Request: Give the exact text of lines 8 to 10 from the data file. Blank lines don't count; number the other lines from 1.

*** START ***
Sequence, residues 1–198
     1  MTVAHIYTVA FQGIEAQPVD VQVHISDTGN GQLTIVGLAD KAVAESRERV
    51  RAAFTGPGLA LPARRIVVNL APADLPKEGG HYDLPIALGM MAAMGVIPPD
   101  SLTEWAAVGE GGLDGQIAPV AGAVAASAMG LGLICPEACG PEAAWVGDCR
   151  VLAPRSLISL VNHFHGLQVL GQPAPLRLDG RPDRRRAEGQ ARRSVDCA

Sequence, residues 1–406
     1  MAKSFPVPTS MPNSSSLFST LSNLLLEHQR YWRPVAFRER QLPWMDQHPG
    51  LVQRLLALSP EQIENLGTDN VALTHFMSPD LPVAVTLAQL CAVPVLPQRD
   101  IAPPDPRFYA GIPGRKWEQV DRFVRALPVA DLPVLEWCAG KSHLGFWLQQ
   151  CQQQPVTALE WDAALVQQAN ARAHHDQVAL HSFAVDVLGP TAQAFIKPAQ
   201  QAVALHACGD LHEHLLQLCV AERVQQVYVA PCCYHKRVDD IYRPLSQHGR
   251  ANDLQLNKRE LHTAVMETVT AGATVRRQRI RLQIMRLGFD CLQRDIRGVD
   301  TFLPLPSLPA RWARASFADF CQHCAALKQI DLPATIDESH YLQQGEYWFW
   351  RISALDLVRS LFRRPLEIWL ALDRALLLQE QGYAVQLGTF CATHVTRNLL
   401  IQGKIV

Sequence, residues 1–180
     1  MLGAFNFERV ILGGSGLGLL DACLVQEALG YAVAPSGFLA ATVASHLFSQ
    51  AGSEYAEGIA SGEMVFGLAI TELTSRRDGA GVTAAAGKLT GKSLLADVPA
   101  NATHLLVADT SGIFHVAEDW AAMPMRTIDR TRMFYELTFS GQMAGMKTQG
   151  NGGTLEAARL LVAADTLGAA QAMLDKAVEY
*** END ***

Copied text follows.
    51  LVQRLLALSP EQIENLGTDN VALTHFMSPD LPVAVTLAQL CAVPVLPQRD
   101  IAPPDPRFYA GIPGRKWEQV DRFVRALPVA DLPVLEWCAG KSHLGFWLQQ
   151  CQQQPVTALE WDAALVQQAN ARAHHDQVAL HSFAVDVLGP TAQAFIKPAQ